A “Boz Scaggs” album was something of a showcase for guitarist Steve Miller, but perhaps no track on this record showcased his skills better than “Full Lock Power Slide.” Joined by keyboardist Barry Finnerty, Miller plays driving riffs that bolster the song’s sunny disposition. The track begins with a three-note intro on the guitar, which adds some shimmer to its infectious melody. This is one of “My Time’s” more soulful tracks, but Scaggs never quite lets his vocals become ragged or frayed. The song retains an airiness throughout, retaining the charm of a summer evening while crafting an atmosphere that is just a little bit edgy.
5. What’s New (from the album “But Beautiful” — 2003)
Scaggs may have been a little late to the mainstream jazz party, but his efforts in that genre ought not to be overlooked. Though many dismissed him as a lightweight when he released “But Beautiful,” the album showcased Scaggs’ excellent command of an under-appreciated form of music. He does not oversell the rhyming lyrics in the opening track, “What’s New,” but instead allows them to blend into the musical backdrop that he has created. It’s an effortless performance that is best appreciated when it sinks in.
4. Flames Of Love (from the album “Boz Scaggs & Band” — 1971)
This is one of Scaggs’ most underrated songs. “Flames Of Love” never became a big hit, but perhaps it should have. The song is anchored by an irresistible hook that burrows deep into your memory, featuring lush vocal harmonies and dense guitar riffs. The chorus begins with the lines: “I’ve tried to run, I’ve tried to hide, It just don’t do no good” before the song’s groove takes over. The music is in sync with Scaggs’ delivery, one of his great strengths as a songwriter. He never lets the groove overpower him. Instead, he eases into it and savors every moment, creating a sensual experience that never feels cheap or crass.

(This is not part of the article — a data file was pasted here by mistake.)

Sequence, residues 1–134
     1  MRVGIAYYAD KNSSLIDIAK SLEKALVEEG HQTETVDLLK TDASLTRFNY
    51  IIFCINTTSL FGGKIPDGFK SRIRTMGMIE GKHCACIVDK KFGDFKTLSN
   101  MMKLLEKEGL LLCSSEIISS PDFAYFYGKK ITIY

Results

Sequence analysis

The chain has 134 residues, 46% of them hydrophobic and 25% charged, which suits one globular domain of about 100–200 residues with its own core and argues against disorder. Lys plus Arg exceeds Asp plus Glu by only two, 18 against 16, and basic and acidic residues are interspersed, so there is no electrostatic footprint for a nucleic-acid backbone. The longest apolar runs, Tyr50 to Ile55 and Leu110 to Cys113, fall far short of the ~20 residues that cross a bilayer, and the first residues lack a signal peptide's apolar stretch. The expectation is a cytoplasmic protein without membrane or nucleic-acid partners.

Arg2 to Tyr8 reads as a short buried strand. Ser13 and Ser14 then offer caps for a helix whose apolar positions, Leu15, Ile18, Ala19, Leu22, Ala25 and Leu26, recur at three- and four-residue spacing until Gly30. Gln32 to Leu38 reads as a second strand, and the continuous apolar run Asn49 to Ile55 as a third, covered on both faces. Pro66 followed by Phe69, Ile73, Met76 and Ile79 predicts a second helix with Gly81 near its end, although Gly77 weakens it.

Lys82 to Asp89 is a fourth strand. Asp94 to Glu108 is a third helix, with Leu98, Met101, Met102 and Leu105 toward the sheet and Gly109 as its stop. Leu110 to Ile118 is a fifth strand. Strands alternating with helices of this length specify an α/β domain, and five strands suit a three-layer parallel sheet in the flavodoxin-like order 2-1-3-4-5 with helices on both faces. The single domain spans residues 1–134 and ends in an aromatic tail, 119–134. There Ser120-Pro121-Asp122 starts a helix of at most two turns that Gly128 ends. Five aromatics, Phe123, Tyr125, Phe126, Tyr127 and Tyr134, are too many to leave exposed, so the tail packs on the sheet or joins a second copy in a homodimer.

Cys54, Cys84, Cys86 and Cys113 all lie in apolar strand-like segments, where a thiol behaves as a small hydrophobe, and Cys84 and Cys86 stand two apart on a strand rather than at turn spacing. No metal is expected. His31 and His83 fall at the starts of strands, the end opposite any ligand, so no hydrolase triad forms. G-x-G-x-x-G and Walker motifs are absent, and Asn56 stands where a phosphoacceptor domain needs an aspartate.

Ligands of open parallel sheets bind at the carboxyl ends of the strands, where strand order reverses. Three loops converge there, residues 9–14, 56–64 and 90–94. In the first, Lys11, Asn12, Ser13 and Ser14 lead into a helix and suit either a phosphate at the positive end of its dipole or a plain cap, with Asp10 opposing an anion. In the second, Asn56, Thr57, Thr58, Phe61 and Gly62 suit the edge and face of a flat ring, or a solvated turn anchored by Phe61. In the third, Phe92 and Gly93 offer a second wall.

3. Loan Me A Dime (from the album “Boaz Scaggs” — 1969)
No Scaggs song is more emblematic of his overall sound than this track. The singer was known for his relaxed, calm demeanor, but he didn’t always seem like an iceman. Forget that “Fenton Robinson” wrote the song. As with his greatest compositions, “Loan Me A Dime” is a tour-de-force for Scaggs. The groove has an almost Eastern tinge, as the singer delivers an evocative performance that never fails to create the exact feelings he intends to convey.
2. We’re All Alone (from the album “Silk Degrees”) (1976)
This is what pop music should sound like. Perhaps it’s because Scaggs was an artist who went against the grain. On this celebratory, horn-infused track, he crafts a melody that feels both timeless and modern at the same time. It was one of his biggest hits, but Scaggs doesn’t let that become a crutch. Instead, he kicks into high gear and delivers one of his most spirited performances ever. The song is as anthemic as it gets around these parts, and it never feels forced or false. No matter how much time has passed since its release, “We’re All Alone” remains a piece of music that is unique yet familiar.
1. Lowdown (from the album “Silk Degrees”) (1976)
“Lowdown” may be the most quintessential Scaggs track ever recorded. The song is a perfect melding of pop and jazz, with the singer providing a stirring vocal performance that never falters or becomes overwrought. The lyrics are unforgettable as well, especially since their implications still resonate 40 years later. “The myth of innocence fades,” Scaggs sings at one point, never seeming like he is overreaching. The singer has always delivered reliable, sturdy performances, but this track made us long for more. We got it, too.